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Managing Disaster

Managing Disaster

Groundswell: Guerilla Architecture in Response to the Great East Japan Earthquake
MAK Center for Art and Architecture
Closed January 4

Groundswell: Guerilla Architecture in Response to the Great East Japan Earthquake, which recently closed at the MAK Center for Art and Architecture, was a modest exhibition about a catastrophic event. Organized by the MAK’s director Kimberli Meyer, with input from Hitoshi Abe, the show documented several architectural answers to a seemingly impossible question: How might architecture—fragile, temporal, and arbitrary in the face of a 40-foot-high tsunami—offer, if not a solution, guidance to rebuild devastated communities?

The earthquake struck off the coast of Tohoku on March 8, 2011, and triggered a tsunami that caused the failure of Fukushima Daiichi Nuclear Power Plant. Three and a half years later, western cultural memory recalls the terrifying radioactive implications of Fukushima, not the 20,000 people who died and the 470,000 who lost their homes. Groundswell, then, had the added task of reawakening public perception of that loss.

Part of that work was to evoke recognition and empathy in the viewers who came to Schindler’s North Kings Road house. Wall text in the entry foyer highlighted Los Angeles’ own precarious geology. It read, “Seismically active Japan and California lie on opposite sides of the Pacific Plate, connected by the same ocean.” Indeed, last month LA Mayor Eric Garcetti presented the document Resilience by Design, a report of the Mayoral Seismic Safety Task Force, calling out the city’s vulnerability to a similar disaster.

Groundswell featured artists and architects involved with ArchiAid, a network of designers, partnered with Architecture for Humanity, focused on supporting reconstruction and building alliances between local universities in the disaster-struck region. The curatorial team explained that projects on view ran counter to the muscular solutions proposed by the Japanese government, such as a huge sea wall to block future tsunamis.

Thematic titles to each room of the Schindler House—Architecture as Grief Work, Architecture as Process, Architecture as Cultural Move, Architecture as Not Torture—guided the visitor through a select series of works that, although nuanced, came off as a little thin, given both the sensitivity of the framing and the enormity of the topic. For instance, that last title, heavy in its implications, was the heading for a series of housing projects by architects Hitoshi Abe, Manabu Chiba, and Riken Yamamoto. The designs were lovely iterations of Japanese house typologies updated with flexible and public spaces, yet they came off as somewhat generic schematic exercises, not revelatory counter positions.

Architecture as Grief Work was the strongest and most evocative of the four rooms. It contained photographs by Hiroyasu Yamauchi of Kesennuma in the weeks after the tsunami and a model recreation of the fallen city. The model, the product of a workshop conducted by the Lost Homes Project Committee and Osamu Tsukihashi Laboratory at Kobe University, was filled with little flags, each representing a memory of one of the inhabitants. A selection of translated texts recalled the horrors of the event, the missing, and, in some cases, the urban histories such as signs of past tsunami susceptibility, that were ignored by city leadership and developers leading to increased damage and deaths.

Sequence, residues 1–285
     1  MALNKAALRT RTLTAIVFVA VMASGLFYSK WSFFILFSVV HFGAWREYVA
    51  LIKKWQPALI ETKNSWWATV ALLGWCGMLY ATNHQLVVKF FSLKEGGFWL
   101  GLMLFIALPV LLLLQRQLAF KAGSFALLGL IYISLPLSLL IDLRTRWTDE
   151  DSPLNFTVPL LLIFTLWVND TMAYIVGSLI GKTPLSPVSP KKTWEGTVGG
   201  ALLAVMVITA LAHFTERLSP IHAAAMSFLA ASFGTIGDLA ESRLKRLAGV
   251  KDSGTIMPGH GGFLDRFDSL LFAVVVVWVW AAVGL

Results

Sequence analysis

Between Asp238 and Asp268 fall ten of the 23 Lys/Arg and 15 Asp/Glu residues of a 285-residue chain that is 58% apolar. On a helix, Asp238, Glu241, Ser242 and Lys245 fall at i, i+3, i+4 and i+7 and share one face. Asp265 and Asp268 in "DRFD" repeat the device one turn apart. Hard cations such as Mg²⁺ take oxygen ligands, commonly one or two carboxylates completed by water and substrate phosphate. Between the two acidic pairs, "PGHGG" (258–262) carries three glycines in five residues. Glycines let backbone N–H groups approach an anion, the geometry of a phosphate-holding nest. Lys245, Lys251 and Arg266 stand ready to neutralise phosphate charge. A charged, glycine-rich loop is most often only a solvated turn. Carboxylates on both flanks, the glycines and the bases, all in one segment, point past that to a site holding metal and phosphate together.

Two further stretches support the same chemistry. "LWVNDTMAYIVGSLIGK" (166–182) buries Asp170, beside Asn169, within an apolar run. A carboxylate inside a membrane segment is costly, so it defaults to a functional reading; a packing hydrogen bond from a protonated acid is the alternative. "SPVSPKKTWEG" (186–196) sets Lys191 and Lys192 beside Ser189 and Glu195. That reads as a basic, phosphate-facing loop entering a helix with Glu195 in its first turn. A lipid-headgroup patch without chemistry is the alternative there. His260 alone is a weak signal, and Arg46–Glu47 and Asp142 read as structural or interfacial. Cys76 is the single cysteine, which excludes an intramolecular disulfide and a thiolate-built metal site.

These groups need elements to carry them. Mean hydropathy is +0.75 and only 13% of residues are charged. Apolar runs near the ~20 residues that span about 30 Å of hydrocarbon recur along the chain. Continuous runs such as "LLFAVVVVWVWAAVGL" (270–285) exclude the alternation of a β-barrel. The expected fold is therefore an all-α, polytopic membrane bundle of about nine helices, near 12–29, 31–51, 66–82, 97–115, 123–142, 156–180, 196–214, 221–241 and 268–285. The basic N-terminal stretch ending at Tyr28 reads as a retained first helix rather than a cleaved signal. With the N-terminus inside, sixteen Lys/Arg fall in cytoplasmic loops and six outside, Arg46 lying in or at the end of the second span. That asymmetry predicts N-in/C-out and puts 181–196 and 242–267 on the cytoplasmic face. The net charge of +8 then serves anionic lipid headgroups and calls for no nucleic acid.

Susan Sontag famously wrote, “To collect photographs is to collect the world.” And in Yamauchi’s small-scale documentary compositions, the fragility of the global quotidian came rushing in: a car wedged high between a fence and a telephone pole, a fishing boat in the middle of the street. Translations of the photographer’s notes accompanied each image. Most were straightforward records of the conditions, but one stood out: March 29, 2011, Situation at Shishiori district, Hama-cho, Kesennuma City. “While walking in the tsunami disaster site, my brain stops as I face the scenes and images of the abnormalities,” he wrote. “For a brief second a strangely infantile thought comes upon my mind and I cannot think logically. I feel like this is a trick by a giant. In fact, the absolutely messed up scene continues endlessly.”

In other rooms, the framing of participatory projects such as ArchiAid’s Pattern Book for Reconstruction Planning or the Ishinomaki Bicycle Tour as “Guerrilla Architecture” is tricky. The terminology suggests an oppositional, tactical, or covert intervention, whereas the pattern book grew out of a series of community-based workshops, and the bike tour was a way to raise awareness of a remote region and promote tourism.

Gallery text drew parallels between these community-based projects and the art world’s equivalent, social practice. But there’s a catch: How to make visible these participatory processes? This question gives many curators pause. Current attempts at wrangling include the exhibition Uneven Growth, Tactical Urbanisms for Expanding Megacities, now on view at MoMA, and the Santa Monica Museum of Art’s Citizen Culture: Artists and Architects Shape Policy. While social practice considers the process part of the work, architectural analogues are difficult to represent. Although Groundswell leans toward neat end products like booklets, photographs, design proposals, it is at its most successful when it allows community voices—narratives of reflection and resilience—to come forward.

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